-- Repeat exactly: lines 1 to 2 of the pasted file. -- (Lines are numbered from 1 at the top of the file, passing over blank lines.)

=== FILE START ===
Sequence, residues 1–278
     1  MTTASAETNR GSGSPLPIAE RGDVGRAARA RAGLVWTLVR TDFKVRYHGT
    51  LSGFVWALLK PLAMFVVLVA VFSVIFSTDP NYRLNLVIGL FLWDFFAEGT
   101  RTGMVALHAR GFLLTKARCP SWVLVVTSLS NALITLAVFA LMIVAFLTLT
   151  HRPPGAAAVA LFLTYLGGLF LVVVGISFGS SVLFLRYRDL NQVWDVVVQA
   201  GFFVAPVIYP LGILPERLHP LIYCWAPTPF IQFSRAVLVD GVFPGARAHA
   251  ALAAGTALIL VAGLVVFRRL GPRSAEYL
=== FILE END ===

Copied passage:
Sequence, residues 1–278
     1  MTTASAETNR GSGSPLPIAE RGDVGRAARA RAGLVWTLVR TDFKVRYHGT